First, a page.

Application of Gray's theory of personality to the DSM-III-R personality disorders : multivariate and behavioral findings

UNCG Author/Contributor (non-UNCG co-authors, if there are any, appear on document)
Richard Francis Farmer (Creator)
The University of North Carolina at Greensboro (UNCG )
Web Site:
Rosemery Nelson-Gray

Abstract: Recent years have witnessed a rapid growth of published reports on the descriptive features associated with the personality disorders. Despite growing recognition of the existence and clinical relevance of these disorders, there has been relatively little systematic experimental research performed, perhaps because of an absence of a testable, guiding theoretical framework. In the recognition that descriptive studies without the benefit of a guiding theoretical framework can only provide limited understanding, this study examined the applicability of Jeffrey Gray's structural and behavioral theory of personality to a subset of the DSM-HI-R personality disorders. Two independent samples, a normative and a research sample, were employed in this study to test some of the basic assumptions of Gray's theory. The normative sample consisted of 477 college undergraduates. This sample's primary roles in this study included the evaluation of some of the structural assumptions of Gray's model as well as the provision of a context for understanding the smaller research sample. The research sample, self-selected based on individual perceptions of oneself as being anxious or impulsive, was composed of 77 persons who responded to advertisements in local periodicals. This sample's principle roles in this research included: (a) the further evaluation of some of the structural assumptions of Gray's theory, (b) the evaluation of Gray's behavioral predictions arising from his structural model, and (c) the evaluation of the applicability of a subset of the DSM-III-R personality disorders, specifically the "anxious-fearful" and "erratic-dramatic" disorders, to Gray's structural and behavioral theory.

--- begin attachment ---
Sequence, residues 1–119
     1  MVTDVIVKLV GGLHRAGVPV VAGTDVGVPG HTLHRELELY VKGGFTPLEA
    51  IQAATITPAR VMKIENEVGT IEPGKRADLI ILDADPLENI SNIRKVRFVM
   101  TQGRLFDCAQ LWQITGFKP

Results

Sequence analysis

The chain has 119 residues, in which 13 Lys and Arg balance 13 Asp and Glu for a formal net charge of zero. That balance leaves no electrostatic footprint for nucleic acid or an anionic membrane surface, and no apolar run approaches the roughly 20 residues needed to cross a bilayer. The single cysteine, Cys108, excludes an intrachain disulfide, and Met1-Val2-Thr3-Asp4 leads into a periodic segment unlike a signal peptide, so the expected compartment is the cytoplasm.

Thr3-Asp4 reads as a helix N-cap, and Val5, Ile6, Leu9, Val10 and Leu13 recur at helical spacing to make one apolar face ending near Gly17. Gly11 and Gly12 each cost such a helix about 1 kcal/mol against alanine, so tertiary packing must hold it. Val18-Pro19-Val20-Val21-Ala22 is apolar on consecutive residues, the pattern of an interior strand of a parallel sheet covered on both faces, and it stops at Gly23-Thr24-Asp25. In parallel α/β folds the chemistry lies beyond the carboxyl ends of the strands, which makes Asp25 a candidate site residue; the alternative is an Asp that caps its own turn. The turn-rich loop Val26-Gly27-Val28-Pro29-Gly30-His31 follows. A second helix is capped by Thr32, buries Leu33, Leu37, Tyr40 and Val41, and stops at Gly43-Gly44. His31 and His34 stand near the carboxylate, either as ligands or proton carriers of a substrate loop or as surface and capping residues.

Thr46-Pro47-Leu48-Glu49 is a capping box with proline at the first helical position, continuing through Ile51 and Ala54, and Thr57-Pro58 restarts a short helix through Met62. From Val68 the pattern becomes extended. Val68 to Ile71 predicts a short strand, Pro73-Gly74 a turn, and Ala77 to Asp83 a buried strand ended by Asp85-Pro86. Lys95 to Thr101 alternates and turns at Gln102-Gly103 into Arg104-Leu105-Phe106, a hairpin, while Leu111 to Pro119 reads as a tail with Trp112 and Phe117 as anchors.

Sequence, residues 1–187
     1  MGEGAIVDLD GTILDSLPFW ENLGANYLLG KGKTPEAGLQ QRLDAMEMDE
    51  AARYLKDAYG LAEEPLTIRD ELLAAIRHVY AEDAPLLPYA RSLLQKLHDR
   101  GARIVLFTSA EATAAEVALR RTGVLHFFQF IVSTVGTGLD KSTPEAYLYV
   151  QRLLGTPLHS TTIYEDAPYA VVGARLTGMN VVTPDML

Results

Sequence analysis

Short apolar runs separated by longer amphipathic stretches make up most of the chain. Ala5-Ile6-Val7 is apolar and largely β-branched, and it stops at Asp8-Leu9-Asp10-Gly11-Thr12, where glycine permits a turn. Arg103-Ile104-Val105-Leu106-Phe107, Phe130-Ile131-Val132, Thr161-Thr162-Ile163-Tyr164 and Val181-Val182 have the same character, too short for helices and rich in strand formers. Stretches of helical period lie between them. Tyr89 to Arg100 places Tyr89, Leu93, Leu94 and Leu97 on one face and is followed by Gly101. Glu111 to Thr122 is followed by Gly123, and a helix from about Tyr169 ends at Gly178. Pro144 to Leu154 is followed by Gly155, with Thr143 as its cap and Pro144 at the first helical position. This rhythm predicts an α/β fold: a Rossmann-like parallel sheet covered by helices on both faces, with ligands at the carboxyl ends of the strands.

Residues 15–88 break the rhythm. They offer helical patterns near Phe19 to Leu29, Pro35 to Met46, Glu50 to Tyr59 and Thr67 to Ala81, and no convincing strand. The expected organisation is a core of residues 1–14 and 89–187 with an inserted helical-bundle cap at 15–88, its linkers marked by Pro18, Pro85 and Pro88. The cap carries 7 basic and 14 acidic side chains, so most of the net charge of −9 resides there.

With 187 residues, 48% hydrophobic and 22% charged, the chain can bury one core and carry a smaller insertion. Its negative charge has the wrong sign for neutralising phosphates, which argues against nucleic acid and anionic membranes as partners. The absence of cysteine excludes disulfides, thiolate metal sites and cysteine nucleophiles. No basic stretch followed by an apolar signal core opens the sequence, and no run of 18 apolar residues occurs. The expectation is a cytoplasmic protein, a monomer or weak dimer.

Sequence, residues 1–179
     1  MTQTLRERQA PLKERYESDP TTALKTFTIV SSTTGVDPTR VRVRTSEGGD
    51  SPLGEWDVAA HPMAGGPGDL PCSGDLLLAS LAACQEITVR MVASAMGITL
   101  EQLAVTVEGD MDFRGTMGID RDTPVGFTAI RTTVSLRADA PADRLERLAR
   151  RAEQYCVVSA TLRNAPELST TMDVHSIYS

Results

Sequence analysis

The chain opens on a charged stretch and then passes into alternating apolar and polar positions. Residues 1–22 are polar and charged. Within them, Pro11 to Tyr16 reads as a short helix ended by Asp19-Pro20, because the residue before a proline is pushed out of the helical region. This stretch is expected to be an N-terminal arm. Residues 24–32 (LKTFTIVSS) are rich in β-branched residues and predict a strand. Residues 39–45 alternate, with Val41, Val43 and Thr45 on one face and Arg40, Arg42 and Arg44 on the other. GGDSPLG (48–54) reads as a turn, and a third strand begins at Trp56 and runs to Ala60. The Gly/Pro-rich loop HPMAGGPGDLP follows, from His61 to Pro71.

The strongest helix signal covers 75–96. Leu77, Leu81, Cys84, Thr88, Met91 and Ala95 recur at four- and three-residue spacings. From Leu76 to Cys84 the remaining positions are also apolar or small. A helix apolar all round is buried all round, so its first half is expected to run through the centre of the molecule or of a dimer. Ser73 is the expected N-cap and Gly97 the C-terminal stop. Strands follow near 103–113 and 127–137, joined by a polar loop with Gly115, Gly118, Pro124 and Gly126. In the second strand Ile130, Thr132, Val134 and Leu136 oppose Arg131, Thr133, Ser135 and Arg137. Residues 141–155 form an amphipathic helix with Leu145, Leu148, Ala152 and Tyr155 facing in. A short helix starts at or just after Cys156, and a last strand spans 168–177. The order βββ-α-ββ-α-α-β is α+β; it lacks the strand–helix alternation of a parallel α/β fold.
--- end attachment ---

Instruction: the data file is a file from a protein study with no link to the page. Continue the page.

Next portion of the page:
Additional Information

Language: English
Date: 1993
Personality disorders $x Research

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